Davis: Fans taking big leap of faith in support of Dolphins' tank job

Brian Flores says he's adverse to tanking, but he's participating in an extreme example of one with the Dolphins.Steve Mitchell for USA Today


An interesting aspect of the Dolphins’ radical rebuilding project that must be recognized is it seems to have significant fan support.

This isn’t a scientific assessment, but it appears that the majority commenting on social media believe Dolphins management is doing what needs to be done.

Good for them, because it will take a high level of faith to endure the atrocities this team is committing to the game of football Sunday after Sunday.

One could argue how much of it is blind faith in a franchise that hasn’t gotten much right through a revolving door of executives and coaches over the past 20 years.

But I get it, fans are fed up with the old one-step-forward-and-two-steps-back routine.

So many of them are all in on writing off this season of epic humiliation for the promise of an influx of fresh talent through a boatload of draft picks and salary cap space accumulated via an epic roster purge.

Tanking shouldn't be rewarded

Personally, I hate the concept of tanking that has become a trend in the various team sports. The NFL should institute a lottery system so that such a blatant dive for the top pick as the Dolphins are doing isn’t rewarded.

Dolphins coach Brian Flores is correct is saying that such a strategy is disrespectful to the game, even as he participates in one of the most extreme tank jobs that has been undertaken.

It’s worse than disrespecting the game, it’s a disgrace. Smart teams don’t have to tank to stay competitive.

The Dolphins haven’t been in that category for too long, so they have taken desperate measures.

As always with desperation, it’s a tenuous undertaking.

It’s also tougher to pull off in the NFL than in other team sports, particularly the NBA.

It was good to see Dolphins GM Chris Grier speak publicly Tuesday in the wake of the Minkah Fitzpatrick trade to let fans know there is a method to what has appeared to be madness in the roster turnover of the past few weeks.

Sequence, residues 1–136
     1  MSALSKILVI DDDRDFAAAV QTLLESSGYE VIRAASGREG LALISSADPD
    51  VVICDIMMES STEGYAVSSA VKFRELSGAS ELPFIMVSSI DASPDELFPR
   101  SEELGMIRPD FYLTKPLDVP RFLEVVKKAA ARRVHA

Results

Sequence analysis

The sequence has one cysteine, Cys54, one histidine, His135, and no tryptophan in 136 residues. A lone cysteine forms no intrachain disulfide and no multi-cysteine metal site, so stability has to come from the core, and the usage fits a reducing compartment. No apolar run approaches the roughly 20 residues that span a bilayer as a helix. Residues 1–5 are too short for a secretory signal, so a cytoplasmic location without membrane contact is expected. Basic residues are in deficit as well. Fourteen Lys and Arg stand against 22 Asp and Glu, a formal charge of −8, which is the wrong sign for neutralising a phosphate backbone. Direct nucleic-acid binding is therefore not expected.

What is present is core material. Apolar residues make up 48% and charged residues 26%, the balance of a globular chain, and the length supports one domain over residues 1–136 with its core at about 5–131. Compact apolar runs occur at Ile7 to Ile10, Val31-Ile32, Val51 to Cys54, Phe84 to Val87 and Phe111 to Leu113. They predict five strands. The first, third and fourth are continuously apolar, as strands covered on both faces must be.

Grier explained that the Dolphins couldn’t resist when the Texans kept offering more for Laremy Tunsil, and only ceded to Fitzpatrick’s trade request only after all the top brass, including owner Steve Ross, were unable to talk him out of it.

Those deals inflated their impressive cache of high draft picks, Of course, they will have to expend some to replace those young former first-rounders.

And you see gaping holes to fill everywhere you look on the depth chart.

Maven view: No quick fix to this Dolphins mess

Grier aims for rapid turnaround

There is a belief pervading comments on social media that the Dolphins will be much better next year after a draft that includes three first-round picks and two in the second and with ample money to spend on free agents.

Grier somewhat fed that notion Tuesday.

“I don’t know if you really put a time frame with it. For us, we’ve positioned ourselves to where we think the organization will be in a good place shortly,” he said.

“How long that takes? Like I said, we’ll be aggressive in free agency. Again, we’re not going to sit back and not do anything. We’re going to be proactive and try and get this turned quickly.”

Maybe they will, and I hope for this long disappointed fan base will finally be rewarded.

They certainly have a wealth of draft capital to play in the next two years.

It is a stretch to think you can turn them all into winning players.

Look at the handful of draft picks from the first three rounds that remain on this stripped down roster and only Xavien Howard can be considered Pro Bowl caliber.

This year’s draft produced immediate starters in Christian Wilkins and Michael Deiter, so that’s a positive.

Looking at previous years, Kenyan Drake has potential that hasn’t been fully utilized. Jerome Baker and Raekwon McMillan are contributors but nothing special so far. DeVante Parker, Mike Gesicki and Charles Harris have fallen well short of expectations.

All of the rest are gone.

Yes, they have mined some gems in later rounds over the years, such as Reshad Jones and Jakeem Grant, and solid players such as Davon Godchaux and Bobby McCain, as well as Lamar Miller, Jay Ajayi and Rishard Matthews, the latter three long gone from Miami.

Draft a hit-or-miss proposition

But even the overall success rate of first-rounders is only about 50-50.

They will get their pick of the quarterback litter. They’d better choose wisely.

The best choice isn’t always the first one. Keep in mind, the Dolphins could have taken the quarterback who shredded them in Week 1. Instead, Lamar Jackson was available to the Ravens at No. 32 in 2018, when the Dolphins took Fitzpatrick at No. 11.

As for filling more needs with established players, experience here has shown that you have to overpay for prime free agents and they generally underperform.

What we know for sure is that a franchise that has had more than its share of bizarre chapters has never had one quite like this.

Grier has certainly heaped a mountain of pressure on his own back. Watching how he plays out this rebuilding game will be a lot more fascinating than anything the Dolphins do on the field the rest of this sorry season.

Craig Davis has covered South Florida sports and teams, including the Dolphins, for four decades. Follow him on Twitter @CraigDavisRuns

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